Customer Reviews: The New Atkins for a New You: The Ultimate Diet for Shedding Weight and Feeling Great
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on March 26, 2010
I have hesitated to write a review because I am one of the success stories in this book. However, in light of T. Colin Campbell's unprofessional attack on this book, I believe I must speak up to share my story and the good health that has resulted in my following the Atkins plan. I am nearly 65 years old and have struggled with weight all my life. I've been on many diets including a vegetarian one with little results in either weight loss or improved health. In fact, my health markers were getting worse, and I suffered from arthritis, dry skin and elevated tryglyceride levels. My blood pressure was borderline. Since following the plan outlined in this book, I have lost weight, my arthritis has improved substantially (particularly in my neck and shoulders) and my dry skin (which 2 dermatologists had diagnosed as rosacea) has disappeared. My tryglyceride level dropped remarkably, but more importantly my HDL (the good cholesterol) has gone up and my latest BP was 117/76. I used to wear a size 18 -- now I wear a 6 or 8. All of these results came from following the plan outlined in this book.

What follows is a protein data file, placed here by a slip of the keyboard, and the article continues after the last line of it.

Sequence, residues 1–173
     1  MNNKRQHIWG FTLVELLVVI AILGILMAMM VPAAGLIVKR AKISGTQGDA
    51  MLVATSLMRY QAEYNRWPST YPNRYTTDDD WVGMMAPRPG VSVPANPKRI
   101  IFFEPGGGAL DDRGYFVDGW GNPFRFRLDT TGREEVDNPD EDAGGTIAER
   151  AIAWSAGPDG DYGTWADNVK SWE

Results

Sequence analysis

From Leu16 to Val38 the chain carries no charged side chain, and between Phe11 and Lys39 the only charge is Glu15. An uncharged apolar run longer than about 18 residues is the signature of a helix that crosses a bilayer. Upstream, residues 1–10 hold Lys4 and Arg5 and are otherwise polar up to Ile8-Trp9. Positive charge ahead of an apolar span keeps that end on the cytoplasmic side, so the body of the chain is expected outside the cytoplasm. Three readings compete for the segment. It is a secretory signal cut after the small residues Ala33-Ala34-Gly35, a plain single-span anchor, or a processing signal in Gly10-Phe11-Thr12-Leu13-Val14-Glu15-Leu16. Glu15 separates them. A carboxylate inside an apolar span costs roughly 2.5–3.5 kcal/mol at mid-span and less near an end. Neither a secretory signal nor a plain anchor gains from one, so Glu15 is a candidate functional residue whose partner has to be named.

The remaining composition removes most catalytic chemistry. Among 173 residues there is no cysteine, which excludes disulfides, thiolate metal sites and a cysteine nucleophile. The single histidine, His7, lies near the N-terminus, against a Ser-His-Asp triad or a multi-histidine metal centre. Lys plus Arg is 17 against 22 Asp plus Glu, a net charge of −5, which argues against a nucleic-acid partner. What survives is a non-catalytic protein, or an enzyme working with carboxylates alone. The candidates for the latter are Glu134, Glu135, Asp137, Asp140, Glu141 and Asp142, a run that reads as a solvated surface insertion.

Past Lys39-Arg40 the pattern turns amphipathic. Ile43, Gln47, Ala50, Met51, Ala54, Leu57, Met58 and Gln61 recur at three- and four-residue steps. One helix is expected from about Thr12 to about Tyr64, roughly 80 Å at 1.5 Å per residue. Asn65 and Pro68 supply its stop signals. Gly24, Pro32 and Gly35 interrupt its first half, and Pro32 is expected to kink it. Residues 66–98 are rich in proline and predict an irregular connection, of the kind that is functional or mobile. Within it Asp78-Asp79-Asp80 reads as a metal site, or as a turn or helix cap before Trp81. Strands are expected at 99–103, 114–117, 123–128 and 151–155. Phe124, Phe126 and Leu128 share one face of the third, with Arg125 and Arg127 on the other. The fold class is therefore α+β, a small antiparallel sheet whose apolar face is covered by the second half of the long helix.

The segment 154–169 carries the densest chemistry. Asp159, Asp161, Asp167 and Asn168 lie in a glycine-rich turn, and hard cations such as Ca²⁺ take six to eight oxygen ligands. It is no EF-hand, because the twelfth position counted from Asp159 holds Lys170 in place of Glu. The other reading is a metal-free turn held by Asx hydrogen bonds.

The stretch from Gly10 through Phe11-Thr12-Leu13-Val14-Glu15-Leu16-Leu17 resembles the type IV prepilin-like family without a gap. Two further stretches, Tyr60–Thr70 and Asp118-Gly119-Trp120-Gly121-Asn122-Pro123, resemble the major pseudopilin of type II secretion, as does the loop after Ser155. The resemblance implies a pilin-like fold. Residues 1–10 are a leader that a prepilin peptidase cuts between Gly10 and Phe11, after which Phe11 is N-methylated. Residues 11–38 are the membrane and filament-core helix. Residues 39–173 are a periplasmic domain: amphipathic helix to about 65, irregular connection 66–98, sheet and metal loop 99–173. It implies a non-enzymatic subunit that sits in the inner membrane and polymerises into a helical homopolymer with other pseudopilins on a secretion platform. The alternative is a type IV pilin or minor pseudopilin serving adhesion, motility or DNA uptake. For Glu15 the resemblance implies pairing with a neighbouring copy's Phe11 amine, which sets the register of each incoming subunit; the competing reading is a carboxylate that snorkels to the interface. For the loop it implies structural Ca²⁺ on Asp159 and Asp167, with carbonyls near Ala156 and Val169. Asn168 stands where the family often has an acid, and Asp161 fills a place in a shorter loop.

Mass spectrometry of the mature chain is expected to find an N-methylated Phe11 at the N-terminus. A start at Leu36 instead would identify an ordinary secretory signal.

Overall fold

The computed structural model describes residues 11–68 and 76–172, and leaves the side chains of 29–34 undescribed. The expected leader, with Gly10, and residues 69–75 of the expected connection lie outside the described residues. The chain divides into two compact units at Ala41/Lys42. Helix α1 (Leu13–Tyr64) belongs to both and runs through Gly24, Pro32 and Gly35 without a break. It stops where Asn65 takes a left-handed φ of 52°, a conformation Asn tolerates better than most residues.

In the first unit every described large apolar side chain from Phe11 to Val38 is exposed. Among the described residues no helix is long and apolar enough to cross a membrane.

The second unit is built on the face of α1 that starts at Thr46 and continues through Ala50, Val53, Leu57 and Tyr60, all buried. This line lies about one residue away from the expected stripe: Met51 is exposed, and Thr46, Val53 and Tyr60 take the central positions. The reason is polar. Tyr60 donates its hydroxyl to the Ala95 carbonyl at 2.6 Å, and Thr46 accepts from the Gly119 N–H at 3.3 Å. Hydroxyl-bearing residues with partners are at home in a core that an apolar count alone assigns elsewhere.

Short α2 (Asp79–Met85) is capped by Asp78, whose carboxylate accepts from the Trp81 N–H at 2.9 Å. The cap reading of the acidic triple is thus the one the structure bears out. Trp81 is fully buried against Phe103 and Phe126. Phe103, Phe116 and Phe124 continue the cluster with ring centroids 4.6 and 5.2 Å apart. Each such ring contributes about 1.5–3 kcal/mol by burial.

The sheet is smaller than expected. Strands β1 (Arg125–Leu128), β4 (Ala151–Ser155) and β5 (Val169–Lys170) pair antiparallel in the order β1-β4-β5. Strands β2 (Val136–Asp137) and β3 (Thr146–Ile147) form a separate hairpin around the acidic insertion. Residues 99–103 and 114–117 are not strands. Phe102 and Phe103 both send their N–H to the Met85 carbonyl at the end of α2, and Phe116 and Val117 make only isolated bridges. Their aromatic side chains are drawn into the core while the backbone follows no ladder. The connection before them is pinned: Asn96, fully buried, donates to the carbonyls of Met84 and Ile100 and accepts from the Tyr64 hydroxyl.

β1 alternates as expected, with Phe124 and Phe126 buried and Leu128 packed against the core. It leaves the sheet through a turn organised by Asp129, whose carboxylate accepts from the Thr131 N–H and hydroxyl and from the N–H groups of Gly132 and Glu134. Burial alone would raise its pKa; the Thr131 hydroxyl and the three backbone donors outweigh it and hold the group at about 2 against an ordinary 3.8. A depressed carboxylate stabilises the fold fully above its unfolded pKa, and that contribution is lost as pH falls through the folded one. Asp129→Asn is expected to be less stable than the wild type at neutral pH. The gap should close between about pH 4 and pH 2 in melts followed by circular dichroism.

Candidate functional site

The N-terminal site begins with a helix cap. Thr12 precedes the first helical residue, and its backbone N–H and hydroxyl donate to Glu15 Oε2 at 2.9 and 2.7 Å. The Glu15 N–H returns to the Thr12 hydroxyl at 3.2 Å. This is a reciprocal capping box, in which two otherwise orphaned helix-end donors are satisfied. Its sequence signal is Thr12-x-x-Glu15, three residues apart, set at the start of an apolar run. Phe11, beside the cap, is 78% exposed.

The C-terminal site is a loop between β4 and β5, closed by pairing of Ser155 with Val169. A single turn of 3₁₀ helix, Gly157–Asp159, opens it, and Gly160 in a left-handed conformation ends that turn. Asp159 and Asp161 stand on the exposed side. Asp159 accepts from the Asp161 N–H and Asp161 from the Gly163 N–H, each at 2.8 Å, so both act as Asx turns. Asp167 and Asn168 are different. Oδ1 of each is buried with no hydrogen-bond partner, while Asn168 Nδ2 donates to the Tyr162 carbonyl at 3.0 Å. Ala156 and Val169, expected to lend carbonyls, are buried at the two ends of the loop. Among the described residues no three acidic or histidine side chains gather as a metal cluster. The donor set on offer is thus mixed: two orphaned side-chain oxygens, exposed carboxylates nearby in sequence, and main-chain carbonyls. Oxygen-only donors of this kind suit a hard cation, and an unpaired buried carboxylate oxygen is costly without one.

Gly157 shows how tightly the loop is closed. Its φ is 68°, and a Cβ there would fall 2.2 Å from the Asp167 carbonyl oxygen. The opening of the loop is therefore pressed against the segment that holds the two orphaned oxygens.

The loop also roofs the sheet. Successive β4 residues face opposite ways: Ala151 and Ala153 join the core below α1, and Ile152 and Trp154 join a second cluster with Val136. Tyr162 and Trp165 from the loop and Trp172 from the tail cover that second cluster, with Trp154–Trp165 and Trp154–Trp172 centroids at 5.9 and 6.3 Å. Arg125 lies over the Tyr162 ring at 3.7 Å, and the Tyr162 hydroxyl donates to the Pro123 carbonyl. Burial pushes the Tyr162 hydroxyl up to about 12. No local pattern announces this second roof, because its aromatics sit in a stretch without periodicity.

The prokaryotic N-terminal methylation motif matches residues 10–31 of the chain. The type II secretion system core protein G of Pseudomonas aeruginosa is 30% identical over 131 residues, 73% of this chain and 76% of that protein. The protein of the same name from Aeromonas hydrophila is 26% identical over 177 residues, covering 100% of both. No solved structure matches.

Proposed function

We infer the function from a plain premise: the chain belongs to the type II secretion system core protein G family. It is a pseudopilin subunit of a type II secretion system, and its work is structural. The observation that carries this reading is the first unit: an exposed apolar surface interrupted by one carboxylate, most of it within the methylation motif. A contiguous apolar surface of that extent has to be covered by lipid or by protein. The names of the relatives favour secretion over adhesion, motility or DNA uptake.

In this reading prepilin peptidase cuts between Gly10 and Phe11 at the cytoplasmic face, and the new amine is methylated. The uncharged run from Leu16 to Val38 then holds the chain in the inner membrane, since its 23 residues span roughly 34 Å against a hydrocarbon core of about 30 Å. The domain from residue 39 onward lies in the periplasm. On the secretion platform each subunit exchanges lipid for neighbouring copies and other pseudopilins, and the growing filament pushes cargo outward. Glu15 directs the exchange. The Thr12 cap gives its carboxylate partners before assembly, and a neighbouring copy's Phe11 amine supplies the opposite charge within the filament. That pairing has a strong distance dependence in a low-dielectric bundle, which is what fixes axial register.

What disturbs me further about T. Colin Campbell is that he has clearly put out a call to his vegan followers to come to the Amazon site and give bad reviews of this book, as he posted this nonsense on his webpage. I don't have a problem with their chosen lifestyle, but I do have a problem with the many deragatory posts that make it clear that they could not have read this book as they have no comprehension of its contents. Shame on them. Using the Amazon review system to grind their vegan axes should not be allowed.

Contrary to their ravings, the Atkins diet recommends lots of vegetables, a conservative amount of dietary protein and good fats. All recommendations that are supported by recent science. Read Gary Taubes "Good Calories, Bad Calories" or the distinquished works of Dr. Mary Enig. T. Colin Campbell has used this review process to further his own agenda and has encouraged his minions to post here. They disparage the book as well as mouth urban legend lies about Dr. Robert Atkins (a cardiologist, BTW). Anyway, read the book and make your own conclusions. Don't be led astray by these agenda-led and untrue attacks. This 65 year old feels 20-30 years younger!!